The Road of Persistence: A Project Good Word Musical Challenge
The Birth of This Series
As Jo explained: "When I was growing up for the most part my mother told us 'if you can't say something nice, then don't say anything at all...! It's not polite and it shows you are uneducated if you can't say something without hurting someone deliberately.
“These things are not productive and don't make any sense. I make a commitment to myself that in 2014 and beyond, I will use good words and not be part of the hate and the behavior of uneducated people."
So for the year 2014, Jo pledged to use good words and publish articles used to empower, encourage, support and defend those who need to be shown love.
Jo has been offering us a good word for each week to focus our thoughts, behaviors and actions on...In the 18th week, Jo wrote her perspective on the word persistent... in Project Good Words Week 18.
My friend Maria wrote a beautiful response in her Project Good Words Musical Challenge, and then she lovingly passed the baton to me.
And so, I give you, the Road of Persistence.
The Journey Begins
I started out on the Road of Persistence when I was a stumbling, bumbling lad of ten. It was 1958, Elvis was King and baseball was America’s favorite pastime. Most nights I could be found on our front lawn playing catch with my dad. He loved the game of baseball and he passed that love down to his only son.
Like many boys, I dreamed of being a professional baseball player. I envisioned my future like this: make the local little league team, then make the high school team, then college, and then sign a contract and play pro ball for the next fifteen years. No problem! I was convinced it was a plan I could implement. It was just a matter of time.
The summer of my tenth year I began my journey toward stardom. I tried out for the little league team, the first step in my plan, and I was promptly dismissed as not good enough. I remember coming home the day I was told I had not made the team. I was heartbroken. My dreams for the future had died. What would I ever tell my dad? He would be ashamed of me, and I was honestly worried that he would always look at me with pity from that day forward.
He came home from work that day, and asked me about the tryouts. I told him I didn’t make the team, I had failed, I wasn’t good enough….and he told me to go get my glove and ball. He led me out to the yard and we began tossing the ball back and forth. After about five minutes he stopped, walked over to me, and smiled.
“Bill,” he said. “Nothing in life is free. If you want something then you have to pay for it, and in this case, you have to pay for it with hard work. Yes, you just got knocked down, but that just means you have to get up and work harder. When things are tough, remember to always get back up and move forward. Always forward, Bill, and I don’t ever want to hear about you giving up.”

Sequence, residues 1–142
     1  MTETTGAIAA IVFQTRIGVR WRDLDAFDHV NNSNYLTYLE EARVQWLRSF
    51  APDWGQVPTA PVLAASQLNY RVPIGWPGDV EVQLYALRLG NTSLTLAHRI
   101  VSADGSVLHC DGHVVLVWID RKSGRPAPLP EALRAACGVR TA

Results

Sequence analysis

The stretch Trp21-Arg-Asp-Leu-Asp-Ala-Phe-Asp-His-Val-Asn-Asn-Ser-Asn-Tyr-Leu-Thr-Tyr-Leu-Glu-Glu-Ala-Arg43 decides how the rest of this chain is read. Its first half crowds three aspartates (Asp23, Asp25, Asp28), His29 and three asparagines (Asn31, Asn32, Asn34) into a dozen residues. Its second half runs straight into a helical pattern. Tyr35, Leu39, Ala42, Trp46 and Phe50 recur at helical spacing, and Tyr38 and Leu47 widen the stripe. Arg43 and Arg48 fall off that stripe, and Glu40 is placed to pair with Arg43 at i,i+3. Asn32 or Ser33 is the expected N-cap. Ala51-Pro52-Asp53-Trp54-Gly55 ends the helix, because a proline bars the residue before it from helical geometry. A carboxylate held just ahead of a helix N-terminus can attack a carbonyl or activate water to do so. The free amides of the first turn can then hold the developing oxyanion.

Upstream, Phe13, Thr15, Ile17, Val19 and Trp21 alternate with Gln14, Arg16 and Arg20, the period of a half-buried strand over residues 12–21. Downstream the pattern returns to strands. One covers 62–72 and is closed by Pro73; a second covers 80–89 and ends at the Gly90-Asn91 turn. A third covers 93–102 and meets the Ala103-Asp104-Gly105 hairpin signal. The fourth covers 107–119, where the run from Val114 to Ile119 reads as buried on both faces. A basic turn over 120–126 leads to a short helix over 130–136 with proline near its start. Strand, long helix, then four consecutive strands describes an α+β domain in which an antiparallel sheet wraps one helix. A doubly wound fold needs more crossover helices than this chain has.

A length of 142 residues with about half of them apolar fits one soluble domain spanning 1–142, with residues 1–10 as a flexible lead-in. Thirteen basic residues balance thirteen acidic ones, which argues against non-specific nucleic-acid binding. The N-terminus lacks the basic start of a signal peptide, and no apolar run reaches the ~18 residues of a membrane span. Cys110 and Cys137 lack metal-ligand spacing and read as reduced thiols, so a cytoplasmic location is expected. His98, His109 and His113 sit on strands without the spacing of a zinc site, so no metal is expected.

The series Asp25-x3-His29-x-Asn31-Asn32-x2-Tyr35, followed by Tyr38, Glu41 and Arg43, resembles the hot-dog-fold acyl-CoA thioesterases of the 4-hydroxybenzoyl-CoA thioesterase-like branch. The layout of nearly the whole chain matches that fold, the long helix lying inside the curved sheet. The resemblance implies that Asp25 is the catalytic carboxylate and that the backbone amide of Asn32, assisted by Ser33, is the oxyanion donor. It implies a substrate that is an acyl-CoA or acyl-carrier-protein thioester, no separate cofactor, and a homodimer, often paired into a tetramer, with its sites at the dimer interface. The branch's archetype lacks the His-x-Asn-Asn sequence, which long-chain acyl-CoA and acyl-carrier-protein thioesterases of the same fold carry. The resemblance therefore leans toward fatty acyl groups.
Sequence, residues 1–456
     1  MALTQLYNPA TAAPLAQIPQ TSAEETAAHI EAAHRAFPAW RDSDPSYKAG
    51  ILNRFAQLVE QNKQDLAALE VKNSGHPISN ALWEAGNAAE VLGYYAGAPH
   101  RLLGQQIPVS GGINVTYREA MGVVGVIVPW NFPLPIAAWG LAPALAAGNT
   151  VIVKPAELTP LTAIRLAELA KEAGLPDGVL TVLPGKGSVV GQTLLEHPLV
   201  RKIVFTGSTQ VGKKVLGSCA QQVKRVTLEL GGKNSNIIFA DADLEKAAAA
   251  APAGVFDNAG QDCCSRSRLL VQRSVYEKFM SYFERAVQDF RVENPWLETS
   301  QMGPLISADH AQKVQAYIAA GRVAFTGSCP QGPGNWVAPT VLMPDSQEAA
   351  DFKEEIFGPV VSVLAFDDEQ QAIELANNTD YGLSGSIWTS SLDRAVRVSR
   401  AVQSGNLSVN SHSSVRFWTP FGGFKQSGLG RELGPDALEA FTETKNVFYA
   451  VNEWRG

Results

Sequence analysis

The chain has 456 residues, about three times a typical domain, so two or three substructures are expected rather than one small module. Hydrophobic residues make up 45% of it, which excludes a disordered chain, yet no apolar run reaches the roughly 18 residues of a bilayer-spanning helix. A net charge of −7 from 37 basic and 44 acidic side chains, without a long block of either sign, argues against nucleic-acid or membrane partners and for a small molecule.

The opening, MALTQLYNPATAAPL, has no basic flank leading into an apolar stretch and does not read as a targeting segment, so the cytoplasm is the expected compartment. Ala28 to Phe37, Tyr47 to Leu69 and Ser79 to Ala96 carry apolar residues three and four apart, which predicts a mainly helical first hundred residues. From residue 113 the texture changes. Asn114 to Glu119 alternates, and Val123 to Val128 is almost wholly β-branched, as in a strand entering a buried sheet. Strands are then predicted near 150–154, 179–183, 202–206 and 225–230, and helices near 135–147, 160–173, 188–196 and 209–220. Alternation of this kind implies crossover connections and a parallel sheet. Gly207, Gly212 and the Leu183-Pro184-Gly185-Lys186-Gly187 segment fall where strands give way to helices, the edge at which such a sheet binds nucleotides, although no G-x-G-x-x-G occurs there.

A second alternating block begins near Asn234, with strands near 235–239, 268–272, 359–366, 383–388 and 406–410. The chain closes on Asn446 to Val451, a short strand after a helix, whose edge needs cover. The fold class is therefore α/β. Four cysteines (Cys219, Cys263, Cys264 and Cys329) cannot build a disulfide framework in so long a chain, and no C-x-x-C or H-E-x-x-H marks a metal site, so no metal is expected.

The lesson for a lifetime had been given to me, and I embraced it with fervor. Each night I went outside and threw a ball against a cement wall, practicing my control and working on my mechanics. One hundred throws per night, five nights per week, through that summer, through the fall, through the winter, and into the next spring.
The following season I made the team, then went on to make the high school team, and then the college team.
Always forward! Never give up!
Tough Times Followed
The Road of Persistence has always seemed to have more than its share of potholes. Mine certainly did. The death of my father, my anchor in life, left me reeling. The death of a fiancé. My battles with alcoholism. Dreams came and dreams died as life continued to toss challenges and disappointments my way, but the words of my father would not go away. Never give up! Always move forward! If you want something then you have to pay for it, and that payment is often in blood, sweat, and tears.
There were many times I just wanted to quit. There were many times I just wanted to follow the path of least resistance and not struggle so damned hard, but my dad’s voice always spoke to me and would not allow me to toss in my chips and walk away from the game of life.
And Now I’m a Writer
And what in the holy hell was I thinking when I chose this career path? The number of writers who actually make it financially is incredibly small. Long hours, endless days, mixing and matching words, always looking for the perfect sentence, with no guarantees at all that success will be achieved. I’ve been at it three years now, and if fame and fortune are in my writing future, they have certainly remained well-hidden to date.
Still, I move forward. I sit down each day and for ten hours I practice my craft. I remember that ten year old tossing the ball at the cement wall, working on his control and mechanics, and I smile at the memory, and I know, with every fiber of my being, that nothing comes free and that I must move forward.
So Today I Say to All of You
In the words of Jason Mraz, as sung by Christina Grimmie, "I won't give up."
Bring on the damned potholes. I’m ready for them. I’m on the Road of Persistence and I will not be detoured. Yes, writing is a challenge, but it is my challenge and I’ll meet it head on. Yes, life can be a royal pain in the butt, but it’s my life and I embrace it, the good and the bad.
Bring on the damned potholes!
And that is my message to you all today: move forward…do not give up….be persistent in your efforts.
Don’t tell me you can’t do it because I know you can.
Don’t tell me that life is too hard because you are stronger than that.
Don’t tell me the struggle isn’t worth it because I know it is.
Move forward….always forward….
And God bless you all!
2014 William D. Holland (aka billybuc)